Tomorrow I drive south to Melbourne for the Melbourne International Animation Festival 2009. After the work I did on AIAF this year, I have a free pass in, so I'm not exactly staring the gifthorse in the mouth.

This said, from the 22nd to the 28th of this month, I'll be out of the loop, but you can still catch me by email.

When I return, this is what's going to be unveiled...

(First email with the correct guess of what this is gets bragging rights.

Catch you on the flipside!

Friday, June 12, 2009

Forward: From a friend.

Rarely do I feel compelled to post someone else's material on my own blog, but this one is particularly appropriate.

Peter Hanshaw is a friend and colleague of mine who graduated from the same course of Animation and Visual Effects and now works as an Environmental artist at Blue Tongue studios in Melbourne - a games studio under THQ most recently responsible for "de Blob" for the Nintendo Wii.

Truth be told, there isn't much I work on that doesn't go under his eyes and across his desk before it finally finds its way online. Indeed, not everything Peter has to say about my work may be full of praise, but more importantly his critiques are honest, constructive and helpful.

Yesterday he tagged this for me on Facebook.

Working in virtual space all day has its advantages, to be sure. You dont have to worry too much about budget, running out of paint is a non-issue, and there is always the off-hand chance that you can defy physics without making the universe implode, explode or turn into some weird mess of spaghetti*.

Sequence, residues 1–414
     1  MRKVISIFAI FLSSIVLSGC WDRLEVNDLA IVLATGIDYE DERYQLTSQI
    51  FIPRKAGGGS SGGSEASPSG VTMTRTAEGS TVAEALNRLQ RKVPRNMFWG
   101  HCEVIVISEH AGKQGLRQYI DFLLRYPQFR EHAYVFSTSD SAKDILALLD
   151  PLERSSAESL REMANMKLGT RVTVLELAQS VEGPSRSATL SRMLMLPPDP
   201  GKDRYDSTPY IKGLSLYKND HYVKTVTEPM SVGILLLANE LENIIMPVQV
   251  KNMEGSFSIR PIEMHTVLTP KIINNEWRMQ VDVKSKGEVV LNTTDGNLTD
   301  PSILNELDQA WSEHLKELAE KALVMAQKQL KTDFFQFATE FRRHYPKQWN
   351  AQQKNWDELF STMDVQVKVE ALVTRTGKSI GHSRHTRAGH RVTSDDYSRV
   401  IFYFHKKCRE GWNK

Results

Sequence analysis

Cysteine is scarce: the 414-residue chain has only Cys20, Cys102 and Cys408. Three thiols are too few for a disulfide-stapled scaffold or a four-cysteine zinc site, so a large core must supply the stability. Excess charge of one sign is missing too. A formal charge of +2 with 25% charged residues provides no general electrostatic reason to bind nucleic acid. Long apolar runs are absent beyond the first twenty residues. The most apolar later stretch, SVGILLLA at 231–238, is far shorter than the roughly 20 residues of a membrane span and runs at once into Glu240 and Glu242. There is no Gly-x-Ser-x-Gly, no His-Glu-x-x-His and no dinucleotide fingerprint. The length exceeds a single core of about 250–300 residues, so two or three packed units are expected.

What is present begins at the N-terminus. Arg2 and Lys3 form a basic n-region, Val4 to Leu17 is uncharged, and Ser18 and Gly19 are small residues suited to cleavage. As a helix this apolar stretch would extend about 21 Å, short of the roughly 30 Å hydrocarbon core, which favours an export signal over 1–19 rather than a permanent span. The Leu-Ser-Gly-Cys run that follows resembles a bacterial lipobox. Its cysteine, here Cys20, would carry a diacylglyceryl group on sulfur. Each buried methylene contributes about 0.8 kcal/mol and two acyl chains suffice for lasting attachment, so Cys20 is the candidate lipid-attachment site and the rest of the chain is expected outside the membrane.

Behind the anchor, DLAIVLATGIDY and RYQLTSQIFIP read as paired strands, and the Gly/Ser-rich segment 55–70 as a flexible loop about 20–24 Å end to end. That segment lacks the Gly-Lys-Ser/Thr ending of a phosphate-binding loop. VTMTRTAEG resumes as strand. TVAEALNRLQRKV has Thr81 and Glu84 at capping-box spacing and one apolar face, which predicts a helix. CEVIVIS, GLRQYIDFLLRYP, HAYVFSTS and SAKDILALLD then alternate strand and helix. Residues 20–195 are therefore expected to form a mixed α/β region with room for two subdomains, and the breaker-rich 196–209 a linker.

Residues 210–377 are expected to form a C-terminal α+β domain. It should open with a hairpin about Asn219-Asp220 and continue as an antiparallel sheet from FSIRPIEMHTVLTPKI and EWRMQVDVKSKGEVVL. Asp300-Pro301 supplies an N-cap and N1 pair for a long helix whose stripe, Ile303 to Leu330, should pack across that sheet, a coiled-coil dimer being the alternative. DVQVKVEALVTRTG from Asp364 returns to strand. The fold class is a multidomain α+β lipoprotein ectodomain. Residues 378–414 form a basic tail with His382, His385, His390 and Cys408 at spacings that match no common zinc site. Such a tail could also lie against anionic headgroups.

But all that aside, digital art lacks something vitally important. Its not the lack of stability, the mind numbingness of almost constant crashes (restart universe error) or the fact that you gradually earn yourself a monitor tan from constantly sitting infront of a computer.

What detracts from it the most is the fact that it is not tangible. You can't play with what you have just made. You can't walk around in those echoing coridors, you can't ever fly beside the massive star-ship.

What you see is essentially all there is to it. From one angle it looks like a complete world, but from any other angle it becomes clear that its all an illusion.

Those mountains in the background? Just a flat canvas, painted in photoshop. The walkers? Gemetric data rendered from a 3d application. Is any of it tangible? No. None of it is real.

But combined together, in just the right way, for a brief moment they form the idea, feeling and tone of a world much larger than the individual ingredients. They pave the way for the audience's imagination to *create* the world that you want them to see. Just a brief flicker, and suddenly there is a swirling sandstorm, the grind of the worn gears in the machine's leg, the glint of sun lighting up the flank of the beast, its all there in the picture, it just needs a receptive audience to give it life.

Sometimes its hard to create things in the virtual world. You know from the start exactly how many polygons are in the model, how many points it is made out of. You can see each individual element that makes up the whole picture. You know exactly how fake it is, rather than how real it looks.

It isn't always like that. Sometimes you get swept up in the creation, almost as if what you are making is making itself, you are just pressing the buttons. Its times like that, when you look up and suprise yourself, that make digital art worth all the time and effort.

It almost makes up for the constant crashing too.

*I still havn't got the hang of string theory...

The reason I post this here is because I feel it very elegantly describes what it is that I - and others - do as 3D modellers and artists.



Thursday, June 4, 2009

Update at Atlantis DSV

You read correctly.

The main site has been updated and brought up to the current state of affairs. Go check it out here.